Brave old world


‘The beer was better,’ he said finally. ‘And cheaper! When I was a young man, mild beer – wallop we used to call it – was fourpence a pint. That was before the war, of course.’
‘Which war was that?’ said Winston.
‘It’s all wars,’ said the old man vaguely.
(Orwell, 1984, 1.8)

Prologue
The happy times of peace
Cartes de visite
An Ottoman shoebox
Damascus anno
Photographers of the East
Chronicler of the Caucasus
Don Cossacks, 1875-76
Flood of the Kura in Tiflis
Turkish-Hungarian friendship
A mollah in the cemetery
Professorship for passion
I, Anna Csillag
Pharmacies of a century
The Casino of Kőbánya
Mikszáth and the Golden Eagle Inn
Palma anno
The rural world of Mallorca
The Luna Park of Paris
Building and apotheosis of the Eiffel Tower
Dandy-horse
Paleocyclists
The first bike craze
Black people in the zoo

Yinglish shop label in New York
Passion play in Oberammergau
Marriage ad with a balance
Moscow’s fire brigades
Russian slides by František Krátký
Constructing the Trans-Siberian Railroad
Sakhalin, 1894-1905
This was brought by the railway
Three generations
The real enemy
The Russian army, 1892
The Austro-Hungarian army, 1914
Shah Ahmad Mirza, the last Qajar
The coronation of the last Tsar
The last Tsar in Paris
The last day of the peace
The Great War
The attempt in Sarajevo
Excursion
War is a kids’ game
Evangeliary from Galicia
Russian and Austro-Hungarian paper soldiers
Our troops standing at Gaza
The fifth grave of the Hero of Gaza
Songs from the two banks of Isonzo
The Mexican revolution
The Casasolas, chroniclers of the revolution
Music of the revolution
Design of the revolution
Holy pictures of the revolution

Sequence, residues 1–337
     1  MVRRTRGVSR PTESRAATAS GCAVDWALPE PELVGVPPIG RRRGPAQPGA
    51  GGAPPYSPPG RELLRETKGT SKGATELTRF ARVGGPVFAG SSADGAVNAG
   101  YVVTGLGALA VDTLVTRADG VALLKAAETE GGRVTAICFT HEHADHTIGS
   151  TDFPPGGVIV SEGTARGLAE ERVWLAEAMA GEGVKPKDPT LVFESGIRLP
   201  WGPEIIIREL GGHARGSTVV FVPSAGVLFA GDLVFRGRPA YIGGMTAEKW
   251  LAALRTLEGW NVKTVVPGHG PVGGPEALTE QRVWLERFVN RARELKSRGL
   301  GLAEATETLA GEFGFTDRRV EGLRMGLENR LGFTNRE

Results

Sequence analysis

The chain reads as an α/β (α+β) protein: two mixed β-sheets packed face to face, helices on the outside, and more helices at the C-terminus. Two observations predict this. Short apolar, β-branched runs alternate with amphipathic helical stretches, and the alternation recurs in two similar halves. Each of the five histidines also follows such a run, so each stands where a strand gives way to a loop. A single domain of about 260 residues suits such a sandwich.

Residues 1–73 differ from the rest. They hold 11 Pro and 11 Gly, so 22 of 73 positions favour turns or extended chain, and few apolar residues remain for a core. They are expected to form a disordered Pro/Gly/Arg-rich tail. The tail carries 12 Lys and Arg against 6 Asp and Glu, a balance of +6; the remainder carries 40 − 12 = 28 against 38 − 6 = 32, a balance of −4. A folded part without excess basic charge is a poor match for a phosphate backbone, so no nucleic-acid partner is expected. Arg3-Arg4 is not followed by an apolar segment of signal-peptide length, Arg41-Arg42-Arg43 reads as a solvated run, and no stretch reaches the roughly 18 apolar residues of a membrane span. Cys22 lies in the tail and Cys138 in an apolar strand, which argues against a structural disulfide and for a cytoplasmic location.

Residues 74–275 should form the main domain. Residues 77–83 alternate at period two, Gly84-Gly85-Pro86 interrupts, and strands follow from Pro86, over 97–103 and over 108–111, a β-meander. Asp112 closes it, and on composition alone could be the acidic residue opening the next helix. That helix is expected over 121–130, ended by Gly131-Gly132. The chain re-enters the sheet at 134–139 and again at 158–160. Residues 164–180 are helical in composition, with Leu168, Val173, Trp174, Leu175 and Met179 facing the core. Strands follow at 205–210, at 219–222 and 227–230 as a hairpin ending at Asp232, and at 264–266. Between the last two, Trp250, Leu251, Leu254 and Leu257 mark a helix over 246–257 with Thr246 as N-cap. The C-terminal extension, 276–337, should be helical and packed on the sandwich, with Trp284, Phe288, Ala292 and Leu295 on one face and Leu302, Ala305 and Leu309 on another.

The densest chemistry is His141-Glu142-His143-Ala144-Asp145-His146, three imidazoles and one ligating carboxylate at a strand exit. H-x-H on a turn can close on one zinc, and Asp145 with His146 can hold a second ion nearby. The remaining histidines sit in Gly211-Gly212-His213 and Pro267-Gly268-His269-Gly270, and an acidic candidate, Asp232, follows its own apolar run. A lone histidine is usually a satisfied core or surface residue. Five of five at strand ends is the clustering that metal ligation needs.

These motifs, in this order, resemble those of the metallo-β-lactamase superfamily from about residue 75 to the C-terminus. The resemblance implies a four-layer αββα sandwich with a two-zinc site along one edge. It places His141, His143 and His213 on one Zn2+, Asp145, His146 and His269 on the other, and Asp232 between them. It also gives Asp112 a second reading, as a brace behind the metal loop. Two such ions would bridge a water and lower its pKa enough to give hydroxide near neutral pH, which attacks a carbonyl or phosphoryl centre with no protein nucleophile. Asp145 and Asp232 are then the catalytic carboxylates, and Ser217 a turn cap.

The world revolution
Lenin’s bodyguard
The great leap
Processions
World revolution for children
New statues on old bases
Nepmen
Kommunalki
Lighthouse of the revolution (ru)
Waiting for you, comrade bird
Soviet photo, 1926
Photo findings from Kostroma
The Russian civil war
• A primer for Red Soldiers (forthcoming)
Between the two wars
The golden age of Hungarian photography
Hassids in Subcarpathia
Jewish world in Poland: Alter Kacyzne
Jewish world in Poland: Menachem Kipnis
The cantors of Kipnis
Yiddish shop labels in Lwów
Postcards of Rosh Hashana
Statesmen and children
Wilhelm Miklas in Budapest
Tango’s golden age: Carlos Gardel
Bohemian world in Bucharest
Shadows in Bucharest
Balance of a hundred years in Bucharest
Who was Essad Bey?
War against the alcohol
Early 19th-c. French and Hungarian campaigns
Soviet temperance posters, 1920-1990
With temperance posters against Coca-Cola
With luboks against the alcohol, 1989
The Great Terror
Waiting for the executionGod is great and I’m not
Moscow, 1931
Tsarskoe Selo
Ilf and the Savior’s Cathedral
Shooting dictators is a great fun
The Spanish Civil War
The last 13 hours of Lorca’s life
The conquest of Potes
Franco, friend of the children
Bullfight at Stalingrad
The non-war (1938-41)
Crocodiles
Japanese war kimonos
Hitler in the Jewish cemetery
Nobel Peace Prize for Hitler
Occupation of Lwów
The Generalgouvernement’s birthday
Soviet-Nazi parade in Brest
The Estonian government’s fate, 1940
On Stalin’s birthday
Soviet plans against Britain
Lenin, Hitler and the children
The Second World War
War dictionaries
Russian primer for German soldiers
Russian-German war dictionary
German-Russian war dictionary
The same from the other side
Hungarian-Russian war dictionary
Estonian-Russian war dictionary
Scouts’ Easter cards
Italian soldier at the Don
The Shahnameh’s propaganda version, 1943
The Normandy landings
Belgian-Tommy war dictionary
Souvenir of Hiroshima
A lonely gravepost in Nagykónyi
Lager card from Dachau
A poet going to forced service
The Bor Notebook
The day of the dead
The Great Patriotic War
Massacres at Lubny and Baby Yar
The “Death Match” of Kiev
The German Kharkov
Easter in occupied lands
The last fresco of Bruno Schulz
Drohobycz and the world
Katyusha
Triangular soldier’s letters
Illustrated front postcards
Russo-German safe-conducts
Children in the war
King-Kong poster in Leningrad
The hero cats of Leningrad
Greetings from the past Trenčín
The Soviet Capa
Graffiti on the Reichstag
Soviet soldiers’ graves
La Resistenza
Bella ciao
After the war